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Valentine’s Day Represents a Radical Act

I have been single for every Valentine’s Day of my life except for five, and I’m soon to be 40. I’m married, now, and with a baby, but for the other 30-something Valentine’s Days of my life, I don’t remember feeling the depression, dread, or anger that single women are expected to feel on this holiday.

It’s a cliché of sitcoms, romantic comedies, and bad stand-up that single women harangue on Valentine’s Day, making the same speech about greeting card companies and conspiracies to commercialize feelings. I don’t know that I’ve ever had that impulse. I have always loved Valentine’s Day and never thought of it as an occasion for romantic dates. It still has the meaning it did in elementary school—the fragile resilience and battered hopefulness of a cardboard heart.

This approach came from my mother. She is big on rituals and the celebration of holidays, not for what you can get or what you can buy, but as a way to set the rhythm of the year. After my parents divorced, life became more unpredictable. We frequently moved, and always to smaller and dingier apartments. There were job losses, and we lost some of our friends and support networks, too. In that instability, the tempo of holidays took on a new importance. They were something I could count on to remain consistent.

Before all of that, when I was very young, my mother marked Valentine’s Day by giving small gifts to me and my sisters. One of my earliest memories, one of the best of childhood, is of my mother letting me go to daycare a little bit later one Valentine’s Day. This was rare—I am the youngest of my sisters, and childhood was a blur of rushing to one or another of their music lessons or gymnastic practices. It was rare for my mother and me to be completely alone together at home. But that morning, we were, and she presented me with a box wrapped in red paper, topped with a white bow. When I opened it, inside was a stuffed polar bear cub—a toy that immediately took on a grave significance. I looked at it as if she’d given me a child to look after.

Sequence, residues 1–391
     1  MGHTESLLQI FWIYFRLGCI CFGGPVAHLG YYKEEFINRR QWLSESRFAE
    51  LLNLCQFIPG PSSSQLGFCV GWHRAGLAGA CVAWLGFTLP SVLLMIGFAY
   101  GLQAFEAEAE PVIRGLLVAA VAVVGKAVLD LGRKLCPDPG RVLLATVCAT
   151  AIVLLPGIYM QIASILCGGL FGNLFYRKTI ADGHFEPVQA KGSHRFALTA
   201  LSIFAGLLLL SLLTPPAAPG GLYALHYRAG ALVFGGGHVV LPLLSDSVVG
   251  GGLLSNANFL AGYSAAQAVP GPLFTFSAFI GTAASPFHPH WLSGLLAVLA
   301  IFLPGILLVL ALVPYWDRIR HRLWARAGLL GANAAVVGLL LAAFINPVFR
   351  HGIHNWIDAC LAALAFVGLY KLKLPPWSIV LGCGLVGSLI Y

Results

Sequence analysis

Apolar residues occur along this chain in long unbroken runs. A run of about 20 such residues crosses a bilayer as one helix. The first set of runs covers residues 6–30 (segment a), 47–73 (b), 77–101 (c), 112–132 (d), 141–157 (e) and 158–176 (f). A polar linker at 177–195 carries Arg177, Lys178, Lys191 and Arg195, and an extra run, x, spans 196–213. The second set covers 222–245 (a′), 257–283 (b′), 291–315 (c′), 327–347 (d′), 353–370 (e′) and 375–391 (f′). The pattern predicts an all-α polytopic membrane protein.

“He’s yours,” she told me, and the specialty of the gift—a Valentine to care for—made this one of the most cherished toys of my childhood. I still have him—he sits now, ragged, on top of the dresser in my daughter’s bedroom, overlooking her growing library of picture books.

Valentine’s Day became associated with that present, the way my mother presented it to me, and what the present meant. As a little girl, I associated Valentine’s Day with showing appreciation for the people in your life—your siblings, your mother, your friends, your classmates. My mother turned making and buying valentines for classmates into its own activity every year, and so growing up, my focus was usually on the fun of crafting cards and less on counting how many I received—the idea that receiving one from a classmate would mean anything romantic was alien, something reserved for girls on TV, I thought. Here in the real world, it was much better. You gave cards to show you cared about the people around you and they did the same.

In college, it was a little bit harder to maintain such a Polly-anna-ish attitude towards the holiday, but by then it had become a reliable excuse for parties. I remember becoming obsessed with finding a heart-shaped cookie cutter so I could make red Jell-o hearts. It was a way to bring my mother’s ethos about Valentine’s Day to campus, though, in typical college student fashion, I impulsively drenched the whole thing in irony. My roommates and I threw an annual party. I could not imagine then (and maybe still don’t believe?) that a one-on-one date with a boy could ever be as joyous as dancing with abandon in the cramped and sweaty living room of some wood-frame house, OutKast’s “Happy Valentine’s Day” blaring. I was away from my mother, trying to break from her ideas, but this one—that Valentine’s Day was not a day to mourn or be angry at the conflict between romantic desires and capitalism—endured.

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